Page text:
Typeface Review

Tremolo

Reviewed by Laura Meseguer on May 9, 2016

Tremolo is a typeface family that does not leave you indifferent. That’s how I always feel about Nikola Djurek’s work. His ability to explore new territories and styles in every new project is one of the things I most admire about him. (That ability, by the way, appears to be endless.)

In the case of Tremolo, I was captivated by the plasticity of the proposal and the quality and warmth conveyed by its execution. If I were to try to “classify” it, I would say that Tremolo Text’s single weight is based in cursive calligraphy, mixed with the spirit of a condensed blackletter and brush lettering. The Stencil version emphasizes this brush style, and I find the treatment of characters like the lowercase ‘o’ just brilliant. Both are extremely readable, in perfect balance. Both have their Italics, where the slope is only applied to the lowercase.

The Display and its Stencil are monolinear — like skeletons of Tremolo Text — but they radiate great rhythm and warmth, with a touch of handwriting. The accompanying Shadows, A and B, which can be colored separately, emphasize the “sign painting” flavor.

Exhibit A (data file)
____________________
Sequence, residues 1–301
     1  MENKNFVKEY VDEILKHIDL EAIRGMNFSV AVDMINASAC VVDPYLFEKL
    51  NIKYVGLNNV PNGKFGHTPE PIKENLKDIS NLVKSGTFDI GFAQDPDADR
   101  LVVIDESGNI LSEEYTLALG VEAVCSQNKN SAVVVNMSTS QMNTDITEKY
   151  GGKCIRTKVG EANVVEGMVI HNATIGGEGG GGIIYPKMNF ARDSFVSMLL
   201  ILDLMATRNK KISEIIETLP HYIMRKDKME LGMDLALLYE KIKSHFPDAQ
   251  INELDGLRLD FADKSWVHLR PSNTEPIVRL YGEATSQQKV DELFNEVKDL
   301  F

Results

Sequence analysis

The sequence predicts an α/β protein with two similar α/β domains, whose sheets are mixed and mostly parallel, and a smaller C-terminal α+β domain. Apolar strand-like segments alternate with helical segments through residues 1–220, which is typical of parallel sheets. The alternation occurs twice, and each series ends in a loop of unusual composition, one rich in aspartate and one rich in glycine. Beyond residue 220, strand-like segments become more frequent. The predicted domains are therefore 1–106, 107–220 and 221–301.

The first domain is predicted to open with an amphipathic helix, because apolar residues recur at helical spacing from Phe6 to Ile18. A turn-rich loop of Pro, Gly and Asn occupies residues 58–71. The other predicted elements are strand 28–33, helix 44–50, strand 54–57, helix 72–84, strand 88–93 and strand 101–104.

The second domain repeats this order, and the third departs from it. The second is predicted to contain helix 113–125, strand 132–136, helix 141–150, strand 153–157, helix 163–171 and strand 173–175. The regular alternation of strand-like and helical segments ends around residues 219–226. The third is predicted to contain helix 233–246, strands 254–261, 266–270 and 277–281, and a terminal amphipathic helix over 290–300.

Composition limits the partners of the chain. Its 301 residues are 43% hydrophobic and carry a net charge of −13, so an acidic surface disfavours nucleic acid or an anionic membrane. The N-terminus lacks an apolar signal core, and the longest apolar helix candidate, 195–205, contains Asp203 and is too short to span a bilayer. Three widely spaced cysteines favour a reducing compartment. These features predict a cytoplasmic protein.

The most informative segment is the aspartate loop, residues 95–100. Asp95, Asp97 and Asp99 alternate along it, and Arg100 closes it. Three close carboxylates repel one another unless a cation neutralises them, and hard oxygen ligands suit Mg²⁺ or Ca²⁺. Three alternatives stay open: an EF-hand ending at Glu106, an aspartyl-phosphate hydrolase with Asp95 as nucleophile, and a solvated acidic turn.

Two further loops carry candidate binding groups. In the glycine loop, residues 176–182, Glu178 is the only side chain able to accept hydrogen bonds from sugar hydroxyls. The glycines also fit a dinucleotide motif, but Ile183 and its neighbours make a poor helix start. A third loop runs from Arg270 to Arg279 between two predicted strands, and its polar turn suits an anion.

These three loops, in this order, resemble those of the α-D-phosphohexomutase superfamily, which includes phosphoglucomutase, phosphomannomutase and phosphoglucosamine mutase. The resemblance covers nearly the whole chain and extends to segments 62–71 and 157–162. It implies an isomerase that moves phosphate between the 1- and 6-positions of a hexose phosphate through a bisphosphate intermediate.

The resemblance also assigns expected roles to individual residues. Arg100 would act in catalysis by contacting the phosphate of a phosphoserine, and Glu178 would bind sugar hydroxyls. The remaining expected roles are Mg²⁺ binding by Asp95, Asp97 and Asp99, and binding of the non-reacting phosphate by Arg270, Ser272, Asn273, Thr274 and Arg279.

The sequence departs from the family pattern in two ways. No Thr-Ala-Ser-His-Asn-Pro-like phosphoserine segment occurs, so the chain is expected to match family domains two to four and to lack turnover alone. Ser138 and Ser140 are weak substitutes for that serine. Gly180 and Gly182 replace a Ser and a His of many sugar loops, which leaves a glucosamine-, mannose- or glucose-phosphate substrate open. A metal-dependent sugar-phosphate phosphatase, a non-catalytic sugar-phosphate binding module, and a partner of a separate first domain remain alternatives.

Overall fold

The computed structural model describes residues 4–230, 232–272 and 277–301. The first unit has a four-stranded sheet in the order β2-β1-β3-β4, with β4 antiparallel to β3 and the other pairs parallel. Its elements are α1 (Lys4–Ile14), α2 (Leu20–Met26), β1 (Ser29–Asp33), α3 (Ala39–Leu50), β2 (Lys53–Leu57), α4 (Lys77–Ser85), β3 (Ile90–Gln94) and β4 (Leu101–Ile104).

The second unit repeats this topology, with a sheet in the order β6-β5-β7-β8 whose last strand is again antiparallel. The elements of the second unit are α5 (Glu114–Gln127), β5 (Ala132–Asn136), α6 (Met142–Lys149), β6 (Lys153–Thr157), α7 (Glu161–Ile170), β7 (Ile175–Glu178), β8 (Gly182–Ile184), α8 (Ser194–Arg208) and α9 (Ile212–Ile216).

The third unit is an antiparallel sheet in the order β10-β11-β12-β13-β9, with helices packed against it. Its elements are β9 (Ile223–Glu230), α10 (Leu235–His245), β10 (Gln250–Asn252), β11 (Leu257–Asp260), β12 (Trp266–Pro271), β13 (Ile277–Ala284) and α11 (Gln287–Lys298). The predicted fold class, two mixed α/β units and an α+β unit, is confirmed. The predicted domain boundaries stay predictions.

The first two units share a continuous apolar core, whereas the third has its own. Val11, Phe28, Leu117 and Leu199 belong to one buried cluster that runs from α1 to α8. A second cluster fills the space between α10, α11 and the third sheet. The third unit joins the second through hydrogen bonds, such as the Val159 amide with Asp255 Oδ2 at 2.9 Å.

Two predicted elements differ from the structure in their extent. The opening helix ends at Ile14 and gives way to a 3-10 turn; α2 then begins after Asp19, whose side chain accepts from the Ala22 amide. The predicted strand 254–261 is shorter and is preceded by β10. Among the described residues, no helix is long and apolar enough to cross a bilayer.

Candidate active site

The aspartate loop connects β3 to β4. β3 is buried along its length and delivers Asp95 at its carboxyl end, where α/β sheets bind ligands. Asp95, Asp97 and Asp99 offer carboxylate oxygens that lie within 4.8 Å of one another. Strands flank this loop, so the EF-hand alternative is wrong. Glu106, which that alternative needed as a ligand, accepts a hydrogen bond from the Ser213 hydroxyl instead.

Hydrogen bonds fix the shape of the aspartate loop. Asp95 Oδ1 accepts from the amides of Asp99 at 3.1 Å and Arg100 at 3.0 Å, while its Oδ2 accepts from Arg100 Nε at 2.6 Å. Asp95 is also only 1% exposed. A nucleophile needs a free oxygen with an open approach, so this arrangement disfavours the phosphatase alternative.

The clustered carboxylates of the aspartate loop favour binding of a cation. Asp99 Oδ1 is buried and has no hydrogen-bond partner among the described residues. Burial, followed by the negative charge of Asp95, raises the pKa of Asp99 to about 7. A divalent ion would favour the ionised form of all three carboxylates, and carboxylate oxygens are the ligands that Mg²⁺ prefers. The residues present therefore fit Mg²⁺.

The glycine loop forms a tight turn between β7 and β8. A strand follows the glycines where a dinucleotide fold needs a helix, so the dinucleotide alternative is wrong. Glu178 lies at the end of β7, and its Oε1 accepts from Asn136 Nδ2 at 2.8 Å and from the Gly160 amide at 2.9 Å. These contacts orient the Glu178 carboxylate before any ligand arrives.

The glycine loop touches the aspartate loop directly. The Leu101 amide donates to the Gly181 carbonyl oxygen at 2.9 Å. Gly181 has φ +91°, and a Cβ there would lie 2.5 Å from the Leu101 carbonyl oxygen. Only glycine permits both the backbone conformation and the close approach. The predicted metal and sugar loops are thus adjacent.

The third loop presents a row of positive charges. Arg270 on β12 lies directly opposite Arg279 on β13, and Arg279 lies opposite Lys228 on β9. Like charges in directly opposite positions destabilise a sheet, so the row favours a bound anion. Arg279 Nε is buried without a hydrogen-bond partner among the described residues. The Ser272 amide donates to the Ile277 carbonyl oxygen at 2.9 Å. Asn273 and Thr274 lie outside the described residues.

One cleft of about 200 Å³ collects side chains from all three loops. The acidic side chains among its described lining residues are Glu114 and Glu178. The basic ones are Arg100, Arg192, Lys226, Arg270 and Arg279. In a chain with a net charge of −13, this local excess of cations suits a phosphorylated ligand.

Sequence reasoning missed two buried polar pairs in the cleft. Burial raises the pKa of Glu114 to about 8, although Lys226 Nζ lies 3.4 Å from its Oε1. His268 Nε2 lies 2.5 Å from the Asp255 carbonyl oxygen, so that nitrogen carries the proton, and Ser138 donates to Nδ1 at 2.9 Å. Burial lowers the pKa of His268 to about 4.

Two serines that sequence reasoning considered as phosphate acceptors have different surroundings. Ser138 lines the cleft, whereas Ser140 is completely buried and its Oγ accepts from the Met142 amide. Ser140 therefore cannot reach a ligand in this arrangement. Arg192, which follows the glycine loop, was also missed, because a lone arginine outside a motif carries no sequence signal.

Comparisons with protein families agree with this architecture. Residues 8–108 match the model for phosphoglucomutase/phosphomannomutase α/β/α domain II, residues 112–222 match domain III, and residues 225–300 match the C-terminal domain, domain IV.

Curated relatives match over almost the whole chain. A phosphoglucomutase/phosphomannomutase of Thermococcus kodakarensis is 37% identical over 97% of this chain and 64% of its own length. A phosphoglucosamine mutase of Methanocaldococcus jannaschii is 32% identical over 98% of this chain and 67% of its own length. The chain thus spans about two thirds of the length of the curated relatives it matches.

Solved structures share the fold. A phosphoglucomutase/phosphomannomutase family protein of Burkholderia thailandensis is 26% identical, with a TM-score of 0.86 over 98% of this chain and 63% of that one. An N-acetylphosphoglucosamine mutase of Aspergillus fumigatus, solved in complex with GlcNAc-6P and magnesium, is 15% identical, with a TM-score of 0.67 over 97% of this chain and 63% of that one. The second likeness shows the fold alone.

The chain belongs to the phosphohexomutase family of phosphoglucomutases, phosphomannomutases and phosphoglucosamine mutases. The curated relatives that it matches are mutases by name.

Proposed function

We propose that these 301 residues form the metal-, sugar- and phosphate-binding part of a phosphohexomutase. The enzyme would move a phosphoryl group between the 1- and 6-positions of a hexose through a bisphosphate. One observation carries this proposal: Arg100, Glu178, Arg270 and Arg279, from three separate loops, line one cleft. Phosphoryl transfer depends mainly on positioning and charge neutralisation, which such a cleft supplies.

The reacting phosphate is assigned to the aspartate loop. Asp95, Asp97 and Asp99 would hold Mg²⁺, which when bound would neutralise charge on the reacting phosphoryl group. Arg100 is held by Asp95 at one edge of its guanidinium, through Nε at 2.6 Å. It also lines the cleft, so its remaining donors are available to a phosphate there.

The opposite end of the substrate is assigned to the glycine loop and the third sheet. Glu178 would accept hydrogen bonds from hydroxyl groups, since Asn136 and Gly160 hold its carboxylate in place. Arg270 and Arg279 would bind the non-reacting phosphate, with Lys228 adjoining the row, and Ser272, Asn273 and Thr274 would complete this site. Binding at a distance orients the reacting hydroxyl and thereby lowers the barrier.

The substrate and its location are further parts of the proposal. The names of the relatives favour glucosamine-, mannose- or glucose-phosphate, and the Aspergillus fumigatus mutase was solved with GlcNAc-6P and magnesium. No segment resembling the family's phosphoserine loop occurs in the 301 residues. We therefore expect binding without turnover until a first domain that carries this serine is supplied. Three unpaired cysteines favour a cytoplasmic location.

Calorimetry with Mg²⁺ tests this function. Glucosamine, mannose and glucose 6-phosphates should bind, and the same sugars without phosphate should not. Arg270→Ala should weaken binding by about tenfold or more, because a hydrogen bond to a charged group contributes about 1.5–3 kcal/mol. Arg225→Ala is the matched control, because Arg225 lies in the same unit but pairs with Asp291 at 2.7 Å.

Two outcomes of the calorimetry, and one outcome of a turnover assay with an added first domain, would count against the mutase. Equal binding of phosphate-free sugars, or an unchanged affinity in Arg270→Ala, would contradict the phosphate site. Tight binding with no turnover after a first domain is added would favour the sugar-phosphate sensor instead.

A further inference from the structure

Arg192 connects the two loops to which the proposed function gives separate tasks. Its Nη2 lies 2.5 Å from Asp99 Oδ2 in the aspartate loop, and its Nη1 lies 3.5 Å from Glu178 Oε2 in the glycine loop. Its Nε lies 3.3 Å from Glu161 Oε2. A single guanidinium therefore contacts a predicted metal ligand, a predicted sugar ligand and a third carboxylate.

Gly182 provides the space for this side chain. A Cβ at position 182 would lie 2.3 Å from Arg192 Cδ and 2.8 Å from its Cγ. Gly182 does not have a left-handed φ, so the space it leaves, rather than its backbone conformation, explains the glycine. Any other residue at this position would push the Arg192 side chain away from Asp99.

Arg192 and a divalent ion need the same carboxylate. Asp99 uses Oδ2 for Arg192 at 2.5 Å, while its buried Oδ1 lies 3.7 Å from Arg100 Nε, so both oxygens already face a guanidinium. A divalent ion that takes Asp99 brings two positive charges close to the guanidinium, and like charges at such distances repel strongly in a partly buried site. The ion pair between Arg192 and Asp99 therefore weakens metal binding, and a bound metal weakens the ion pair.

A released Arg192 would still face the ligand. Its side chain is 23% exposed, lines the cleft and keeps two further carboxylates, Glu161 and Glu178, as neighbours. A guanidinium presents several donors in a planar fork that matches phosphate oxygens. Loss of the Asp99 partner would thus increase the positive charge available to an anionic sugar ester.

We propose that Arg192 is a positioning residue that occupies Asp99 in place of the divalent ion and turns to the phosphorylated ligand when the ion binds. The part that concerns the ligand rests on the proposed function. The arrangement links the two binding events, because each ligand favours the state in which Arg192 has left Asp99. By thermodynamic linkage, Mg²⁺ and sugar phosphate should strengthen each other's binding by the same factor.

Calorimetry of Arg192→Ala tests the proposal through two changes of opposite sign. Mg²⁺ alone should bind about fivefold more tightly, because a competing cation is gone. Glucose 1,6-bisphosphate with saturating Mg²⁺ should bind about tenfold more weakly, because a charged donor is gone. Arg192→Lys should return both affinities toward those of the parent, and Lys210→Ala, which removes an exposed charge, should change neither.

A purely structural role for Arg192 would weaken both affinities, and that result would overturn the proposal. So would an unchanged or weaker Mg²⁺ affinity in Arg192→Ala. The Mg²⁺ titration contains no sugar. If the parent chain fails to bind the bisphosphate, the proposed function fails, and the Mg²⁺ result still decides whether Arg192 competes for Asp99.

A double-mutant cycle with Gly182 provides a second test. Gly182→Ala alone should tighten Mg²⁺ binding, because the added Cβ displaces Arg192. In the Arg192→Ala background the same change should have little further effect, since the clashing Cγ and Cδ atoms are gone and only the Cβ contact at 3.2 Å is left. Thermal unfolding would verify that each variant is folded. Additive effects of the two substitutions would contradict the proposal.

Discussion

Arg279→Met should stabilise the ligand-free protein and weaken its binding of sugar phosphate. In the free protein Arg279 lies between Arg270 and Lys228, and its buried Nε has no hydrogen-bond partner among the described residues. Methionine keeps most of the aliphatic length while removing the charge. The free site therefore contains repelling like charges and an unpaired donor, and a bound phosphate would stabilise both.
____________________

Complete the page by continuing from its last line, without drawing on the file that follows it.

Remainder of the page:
The grand finale is Tremolo Gradient. It simulates the stroke of a thick flat brush, and includes three different levels of gradients with upper and lower parts of the letter that can be assembled together in different colors, allowing the designer to control and play with the decorative effect.

I feel a sense of solidarity with Nikola in this playful side of type design, a kind of author’s caprice that seeks the complicity of designers who are also willing to play.

Laura Meseguer lives in Barcelona from where she works on type design and lettering. A graduate of the Type and Media masters program at KABK, she is also the author of TypoMag, co-author of Como crear tipografías, and member of the Type-Ø-Tones foundry, which publishes her own typefaces, such as Typographica favorite, Magasin.

2 Comments

  1. This was my favorite release of the year. It it a completely unapologetic, and downright original design that is a beautiful representation of Djurek’s voice and skill. I would be interested to know more about the lack of italicized caps, and what historical precedent it draws on.

  2. Caren Litherland says:

    Ditto — one of the designs that intrigued me the most this year.

    I would be interested to know more about the lack of italicized caps, and what historical precedent it draws on.

    Yes, please, Nikola.

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